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Tuesday 25 October 2016

Day One | Day Two

09.00 OPENING | Opening remarks from the Chair

Mr Chris Puplick AM, Chair of the Board, Justice Health and Forensic Mental Health Network (NSW)

09.10 KEYNOTE OPENING ADDRESS | Medication Use Among Prisoners- How Does it Compare with the General Community?

  • Latest findings from the 2015 National Prisoner Health Data Collection
  • A comparison of medications taken by prisoners with people of similar age and sex from the general community
  • Some of the reasons why prescribing in prison is different to prescribing in the general community
  • New findings from the 2015 collection including information on disability and self-assessed mental and physical health of prisoners

Ingrid Johnston, Project Manager, Australian Institute of Health & Welfare

09.50 Assessing the Risk and Needs of Indigenous People in Custody

Recent calls to set targets on Indigenous prison rates have received national attention. However efforts to significantly reduce Indigenous prison numbers require a multi-levelled approach across a variety of sectors with an accompanying honest socio-political discourse. This presentation will discuss some of the proximal and broader societal influences underpinning Indigenous imprisonment and consider potential medico-legal and community responses to address these issues.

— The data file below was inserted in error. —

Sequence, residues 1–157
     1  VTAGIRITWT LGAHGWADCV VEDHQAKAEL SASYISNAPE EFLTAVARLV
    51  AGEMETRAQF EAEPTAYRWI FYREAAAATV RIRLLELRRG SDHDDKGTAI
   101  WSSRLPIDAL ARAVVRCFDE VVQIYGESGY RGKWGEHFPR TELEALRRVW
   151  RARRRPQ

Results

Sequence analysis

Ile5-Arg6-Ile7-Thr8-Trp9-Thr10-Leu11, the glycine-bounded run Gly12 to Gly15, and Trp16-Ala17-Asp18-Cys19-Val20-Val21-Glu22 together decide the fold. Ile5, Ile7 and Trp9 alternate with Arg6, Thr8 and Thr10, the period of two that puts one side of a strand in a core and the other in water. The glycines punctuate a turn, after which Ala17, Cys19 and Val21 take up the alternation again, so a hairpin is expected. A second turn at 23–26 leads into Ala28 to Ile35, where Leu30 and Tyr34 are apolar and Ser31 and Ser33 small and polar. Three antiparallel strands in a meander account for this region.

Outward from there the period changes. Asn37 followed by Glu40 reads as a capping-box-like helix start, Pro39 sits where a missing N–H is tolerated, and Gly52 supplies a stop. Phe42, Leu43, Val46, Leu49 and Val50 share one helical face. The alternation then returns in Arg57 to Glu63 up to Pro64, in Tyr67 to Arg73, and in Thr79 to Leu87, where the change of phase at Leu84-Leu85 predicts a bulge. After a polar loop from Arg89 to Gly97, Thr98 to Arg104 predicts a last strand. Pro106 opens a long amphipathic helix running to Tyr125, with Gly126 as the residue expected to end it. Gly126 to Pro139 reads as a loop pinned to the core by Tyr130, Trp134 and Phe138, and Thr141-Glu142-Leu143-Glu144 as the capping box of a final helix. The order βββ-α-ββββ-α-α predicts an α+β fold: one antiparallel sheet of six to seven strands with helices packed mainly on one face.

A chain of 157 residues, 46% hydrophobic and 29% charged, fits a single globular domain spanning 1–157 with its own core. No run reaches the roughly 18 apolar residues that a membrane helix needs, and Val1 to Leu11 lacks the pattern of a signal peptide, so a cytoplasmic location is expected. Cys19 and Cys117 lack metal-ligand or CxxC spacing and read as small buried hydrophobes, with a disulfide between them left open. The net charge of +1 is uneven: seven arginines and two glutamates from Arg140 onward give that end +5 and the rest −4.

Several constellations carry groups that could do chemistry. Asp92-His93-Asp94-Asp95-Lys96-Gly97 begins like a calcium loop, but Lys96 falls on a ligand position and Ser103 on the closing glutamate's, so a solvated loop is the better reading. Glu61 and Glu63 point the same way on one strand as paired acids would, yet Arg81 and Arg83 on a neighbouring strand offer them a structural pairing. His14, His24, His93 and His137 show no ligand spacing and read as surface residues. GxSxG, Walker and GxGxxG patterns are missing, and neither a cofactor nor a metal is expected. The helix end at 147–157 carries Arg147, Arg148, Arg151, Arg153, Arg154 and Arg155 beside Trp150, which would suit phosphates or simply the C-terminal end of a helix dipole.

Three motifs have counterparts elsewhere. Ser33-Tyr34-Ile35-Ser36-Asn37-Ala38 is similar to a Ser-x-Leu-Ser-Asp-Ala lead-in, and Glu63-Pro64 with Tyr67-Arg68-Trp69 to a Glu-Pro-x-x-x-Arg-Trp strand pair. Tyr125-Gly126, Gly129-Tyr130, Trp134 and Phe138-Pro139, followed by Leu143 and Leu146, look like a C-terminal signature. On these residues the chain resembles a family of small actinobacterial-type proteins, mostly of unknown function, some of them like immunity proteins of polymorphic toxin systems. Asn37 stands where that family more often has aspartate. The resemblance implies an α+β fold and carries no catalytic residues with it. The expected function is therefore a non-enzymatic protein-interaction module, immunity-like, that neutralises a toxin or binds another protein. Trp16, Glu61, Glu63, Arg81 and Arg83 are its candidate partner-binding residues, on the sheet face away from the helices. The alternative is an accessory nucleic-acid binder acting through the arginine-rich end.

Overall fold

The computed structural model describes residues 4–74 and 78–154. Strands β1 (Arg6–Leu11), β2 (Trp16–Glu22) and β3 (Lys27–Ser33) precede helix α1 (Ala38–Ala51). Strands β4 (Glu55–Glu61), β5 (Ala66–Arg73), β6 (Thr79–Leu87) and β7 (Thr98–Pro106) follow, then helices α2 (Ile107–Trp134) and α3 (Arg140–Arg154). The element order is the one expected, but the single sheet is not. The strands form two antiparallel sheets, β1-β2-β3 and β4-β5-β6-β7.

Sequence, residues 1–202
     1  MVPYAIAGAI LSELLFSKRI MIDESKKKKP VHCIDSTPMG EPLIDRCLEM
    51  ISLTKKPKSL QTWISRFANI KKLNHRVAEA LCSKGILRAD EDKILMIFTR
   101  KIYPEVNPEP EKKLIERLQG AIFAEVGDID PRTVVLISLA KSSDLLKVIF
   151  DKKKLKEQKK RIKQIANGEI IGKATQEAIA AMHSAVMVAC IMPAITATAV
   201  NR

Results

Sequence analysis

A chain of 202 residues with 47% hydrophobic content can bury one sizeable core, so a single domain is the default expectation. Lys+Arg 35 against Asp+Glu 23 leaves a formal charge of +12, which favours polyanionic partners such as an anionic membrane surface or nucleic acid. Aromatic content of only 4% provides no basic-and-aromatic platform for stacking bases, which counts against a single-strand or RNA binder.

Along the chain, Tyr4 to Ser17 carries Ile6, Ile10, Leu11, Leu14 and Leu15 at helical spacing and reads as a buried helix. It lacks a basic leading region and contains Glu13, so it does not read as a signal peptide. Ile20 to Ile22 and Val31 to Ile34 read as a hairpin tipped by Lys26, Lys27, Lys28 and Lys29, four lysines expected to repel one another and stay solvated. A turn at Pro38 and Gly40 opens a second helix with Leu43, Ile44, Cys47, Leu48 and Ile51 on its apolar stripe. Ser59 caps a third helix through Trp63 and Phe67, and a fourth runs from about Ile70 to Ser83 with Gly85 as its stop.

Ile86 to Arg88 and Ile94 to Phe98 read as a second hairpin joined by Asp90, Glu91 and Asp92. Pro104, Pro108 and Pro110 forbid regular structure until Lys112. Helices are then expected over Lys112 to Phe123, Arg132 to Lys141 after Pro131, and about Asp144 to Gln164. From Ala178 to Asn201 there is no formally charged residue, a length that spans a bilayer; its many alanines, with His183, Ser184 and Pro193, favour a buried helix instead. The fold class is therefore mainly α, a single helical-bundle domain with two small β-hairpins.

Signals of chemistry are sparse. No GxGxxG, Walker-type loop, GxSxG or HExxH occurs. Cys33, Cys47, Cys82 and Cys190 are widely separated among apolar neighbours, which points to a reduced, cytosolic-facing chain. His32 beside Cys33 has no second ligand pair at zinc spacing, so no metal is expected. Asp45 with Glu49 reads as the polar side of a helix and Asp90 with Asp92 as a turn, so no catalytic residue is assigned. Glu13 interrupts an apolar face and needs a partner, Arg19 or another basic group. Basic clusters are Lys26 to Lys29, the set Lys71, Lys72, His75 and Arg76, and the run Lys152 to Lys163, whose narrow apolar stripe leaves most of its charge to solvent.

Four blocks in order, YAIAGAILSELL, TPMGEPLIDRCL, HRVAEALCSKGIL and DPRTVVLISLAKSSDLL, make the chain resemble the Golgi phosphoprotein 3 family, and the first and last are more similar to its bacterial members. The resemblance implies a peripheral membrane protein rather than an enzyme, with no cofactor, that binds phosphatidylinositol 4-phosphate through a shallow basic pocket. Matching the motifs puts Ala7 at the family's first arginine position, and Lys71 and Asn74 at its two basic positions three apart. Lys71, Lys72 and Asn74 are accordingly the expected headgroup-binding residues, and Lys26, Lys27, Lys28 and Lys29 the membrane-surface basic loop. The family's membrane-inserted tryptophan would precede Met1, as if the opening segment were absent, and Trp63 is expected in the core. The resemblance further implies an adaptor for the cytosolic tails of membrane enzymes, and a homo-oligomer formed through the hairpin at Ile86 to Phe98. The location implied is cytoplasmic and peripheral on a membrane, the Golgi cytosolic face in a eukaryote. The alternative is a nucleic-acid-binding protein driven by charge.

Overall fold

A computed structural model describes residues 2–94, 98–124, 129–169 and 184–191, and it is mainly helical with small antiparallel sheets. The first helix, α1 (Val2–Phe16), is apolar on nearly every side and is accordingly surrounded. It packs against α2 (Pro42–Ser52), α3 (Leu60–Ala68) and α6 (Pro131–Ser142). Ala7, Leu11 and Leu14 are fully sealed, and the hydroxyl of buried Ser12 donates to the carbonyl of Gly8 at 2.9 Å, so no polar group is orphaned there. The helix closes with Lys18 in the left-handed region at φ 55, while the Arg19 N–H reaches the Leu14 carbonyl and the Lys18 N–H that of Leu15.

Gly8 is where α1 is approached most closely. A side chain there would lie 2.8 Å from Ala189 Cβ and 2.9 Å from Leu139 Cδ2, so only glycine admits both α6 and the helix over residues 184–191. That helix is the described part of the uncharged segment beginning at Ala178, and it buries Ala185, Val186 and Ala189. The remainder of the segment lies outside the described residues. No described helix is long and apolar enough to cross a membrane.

Dr Stephane Shepherd, 2015 Fulbright Scholar, Research Fellow and Lecturer in Forensic Psychology, Centre for Forensic Behavioural Science, Swinburne University, VIC

10.30 Morning refreshments and networking

11.00 Managing Ageing Patients: Reception to Palliative Care

  • All prison systems are facing an ageing of their population with special challenges to health care provision
  • Assessing older prisoners and their needs starts on reception
  • Managing the illnesses of ageing - Including dementia and mental health problems requires entirely new approaches
  • More prisoners will die in custody and the provision of palliative and end-of-life care takes us all into new areas of concern

Mr Chris Puplick AM, Chair of the Board, Justice Health and Forensic Mental Health Network (NSW)

11.40 CASE STUDY | Hepatitis C in Australian Prisons: It all Changed on 1 March 2016

  • Australian prisoners gained access to Direct Acting Antiviral medications for Hepatitis C infection on 1 March 2016
  • Early access to these medications has already raised some interesting issues for prisoner health services
  • Harm minimisation implementation in Australian prisons will be reassessed by custodial authorities - Utilising a limited evidence base
  • Hepatitis C will continue to reveal strengths and weaknesses in the Australian health/ corrective services interface

Professor Michael Levy AM, Australian National University

12.20 Lunch and networking break

13.20 Chronic Healthcare Planning & Management: Researching Correctional Health Care - Better Health for a Brighter Future

  • Improving chronic disease management in the prison population through appropriate planning and health promotional activities
  • Exploring the availability of education directed at the primary health care nurse in relation to individual health promotion and chronic disease management in the prison setting